What are the differences between using the New keyword and calling CreateObject in Excel VBA?


What criteria should I use to decide whether I write VBA code like this:

Set xmlDocument = New MSXML2.DOMDocument

or like this:

Set xmlDocument = CreateObject("MSXML2.DOMDocument")



You should always use

Set xmlDocument = CreateObject("MSXML2.DOMDocument")

This is irrelevant to the binding issue. Only the declaration determines the binding.

Using CreateObject exclusively will make it easier to switch between early and late binding, since you only have to change the declaration line.

In other words, if you write this:

Dim xmlDocument As MSXML2.DOMDocument
Set xmlDocument = CreateObject("MSXML2.DOMDocument")

Then, to switch to late binding, you only have to change the first line (to As Object).

If you write it like this:

Dim xmlDocument As MSXML2.DOMDocument
Set xmlDocument = New MSXML2.DOMDocument

then when you switch to late binding, you have to change both lines.

By : JimmyPena

If you want duration per page, I'd recommand Google Analytics.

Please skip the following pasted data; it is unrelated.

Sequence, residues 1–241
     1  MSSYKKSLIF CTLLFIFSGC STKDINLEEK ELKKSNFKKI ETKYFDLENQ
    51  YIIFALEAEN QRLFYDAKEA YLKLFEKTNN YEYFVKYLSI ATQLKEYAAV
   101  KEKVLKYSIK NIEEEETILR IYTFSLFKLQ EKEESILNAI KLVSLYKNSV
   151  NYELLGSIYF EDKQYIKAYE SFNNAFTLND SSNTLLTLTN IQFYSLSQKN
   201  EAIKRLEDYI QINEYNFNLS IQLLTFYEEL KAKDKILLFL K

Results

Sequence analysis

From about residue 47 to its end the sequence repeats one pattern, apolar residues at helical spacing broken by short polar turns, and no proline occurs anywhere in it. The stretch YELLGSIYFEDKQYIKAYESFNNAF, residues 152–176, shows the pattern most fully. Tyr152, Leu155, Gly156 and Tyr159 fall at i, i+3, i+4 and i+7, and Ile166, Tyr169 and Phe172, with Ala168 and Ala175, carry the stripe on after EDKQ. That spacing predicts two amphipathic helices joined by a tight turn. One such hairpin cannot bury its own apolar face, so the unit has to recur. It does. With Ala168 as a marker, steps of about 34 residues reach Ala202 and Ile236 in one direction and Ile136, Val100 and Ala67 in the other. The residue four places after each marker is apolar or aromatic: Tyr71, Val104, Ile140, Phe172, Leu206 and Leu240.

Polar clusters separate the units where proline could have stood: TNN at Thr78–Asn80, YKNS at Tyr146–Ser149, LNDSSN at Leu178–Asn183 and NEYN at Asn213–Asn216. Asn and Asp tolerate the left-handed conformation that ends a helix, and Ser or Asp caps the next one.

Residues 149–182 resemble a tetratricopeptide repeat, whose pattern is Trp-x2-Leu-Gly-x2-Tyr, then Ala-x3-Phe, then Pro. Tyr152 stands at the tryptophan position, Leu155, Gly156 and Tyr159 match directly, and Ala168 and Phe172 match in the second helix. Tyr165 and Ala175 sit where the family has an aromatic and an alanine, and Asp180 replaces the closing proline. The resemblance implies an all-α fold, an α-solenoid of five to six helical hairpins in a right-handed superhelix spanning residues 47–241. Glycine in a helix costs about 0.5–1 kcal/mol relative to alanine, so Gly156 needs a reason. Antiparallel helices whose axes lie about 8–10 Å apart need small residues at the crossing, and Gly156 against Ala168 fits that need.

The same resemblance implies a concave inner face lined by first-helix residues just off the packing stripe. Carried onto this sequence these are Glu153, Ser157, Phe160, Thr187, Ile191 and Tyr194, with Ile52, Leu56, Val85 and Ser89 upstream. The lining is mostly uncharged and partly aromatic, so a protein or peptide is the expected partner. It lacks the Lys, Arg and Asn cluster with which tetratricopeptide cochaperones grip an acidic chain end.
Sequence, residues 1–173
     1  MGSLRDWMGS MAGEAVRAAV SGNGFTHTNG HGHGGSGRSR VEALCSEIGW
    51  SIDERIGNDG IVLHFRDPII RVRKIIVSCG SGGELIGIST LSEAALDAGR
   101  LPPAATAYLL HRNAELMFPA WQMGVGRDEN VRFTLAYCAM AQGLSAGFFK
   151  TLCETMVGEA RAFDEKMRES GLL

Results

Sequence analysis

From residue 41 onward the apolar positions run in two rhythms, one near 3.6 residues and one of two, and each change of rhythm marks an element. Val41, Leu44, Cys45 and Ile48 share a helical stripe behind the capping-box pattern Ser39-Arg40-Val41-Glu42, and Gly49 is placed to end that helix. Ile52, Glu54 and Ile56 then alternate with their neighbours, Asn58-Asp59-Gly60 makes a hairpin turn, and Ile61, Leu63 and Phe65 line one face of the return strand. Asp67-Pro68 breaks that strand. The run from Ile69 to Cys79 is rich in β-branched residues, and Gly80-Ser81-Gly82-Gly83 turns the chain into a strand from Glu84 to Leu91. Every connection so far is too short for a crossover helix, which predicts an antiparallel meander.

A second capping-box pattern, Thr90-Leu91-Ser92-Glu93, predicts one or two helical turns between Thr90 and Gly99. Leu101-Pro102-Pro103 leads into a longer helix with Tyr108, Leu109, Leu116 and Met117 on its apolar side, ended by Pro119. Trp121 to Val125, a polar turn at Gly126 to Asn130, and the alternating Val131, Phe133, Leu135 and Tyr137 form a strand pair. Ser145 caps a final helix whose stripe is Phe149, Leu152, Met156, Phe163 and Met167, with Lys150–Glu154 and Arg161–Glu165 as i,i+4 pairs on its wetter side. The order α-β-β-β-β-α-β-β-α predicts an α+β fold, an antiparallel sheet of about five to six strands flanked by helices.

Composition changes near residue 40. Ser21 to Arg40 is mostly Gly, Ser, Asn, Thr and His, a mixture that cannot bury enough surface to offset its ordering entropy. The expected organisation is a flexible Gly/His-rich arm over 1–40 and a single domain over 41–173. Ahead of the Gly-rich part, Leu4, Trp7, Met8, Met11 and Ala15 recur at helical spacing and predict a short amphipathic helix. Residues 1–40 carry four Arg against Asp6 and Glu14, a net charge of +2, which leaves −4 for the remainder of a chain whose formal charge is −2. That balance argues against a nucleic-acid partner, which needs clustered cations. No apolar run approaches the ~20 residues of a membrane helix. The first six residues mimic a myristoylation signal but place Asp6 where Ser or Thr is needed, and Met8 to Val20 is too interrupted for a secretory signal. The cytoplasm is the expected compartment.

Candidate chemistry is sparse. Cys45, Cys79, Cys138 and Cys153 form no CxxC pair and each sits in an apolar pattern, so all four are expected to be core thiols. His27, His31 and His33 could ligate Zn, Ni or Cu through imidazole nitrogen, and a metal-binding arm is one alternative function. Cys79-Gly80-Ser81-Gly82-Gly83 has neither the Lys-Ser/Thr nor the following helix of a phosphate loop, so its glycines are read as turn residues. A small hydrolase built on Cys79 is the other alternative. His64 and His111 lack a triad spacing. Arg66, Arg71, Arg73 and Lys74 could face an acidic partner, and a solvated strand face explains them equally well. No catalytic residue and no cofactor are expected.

If you want a summary of database hits (ie, you run three procedures during one page load so you want to show a count of three) then I would recommend adding auditing code to your sprocs.

Alternately (though more expensively in terms of processing) you could turn on either SQL Profiler or SQL Trace and then track the database hits that way to perform statistical analysis on them.

By : Josef

I know I'm adding my answer months after this question was asked, but I thought I'd point out a decent, open-source profiler: Very Sleepy.

It doesn't have the feature count that some of the other profilers mentioned before do, but it's a pretty respectable sampling profiler that will work very well in most situations.

By : Naaff

This video can help you solving your question :)
By: admin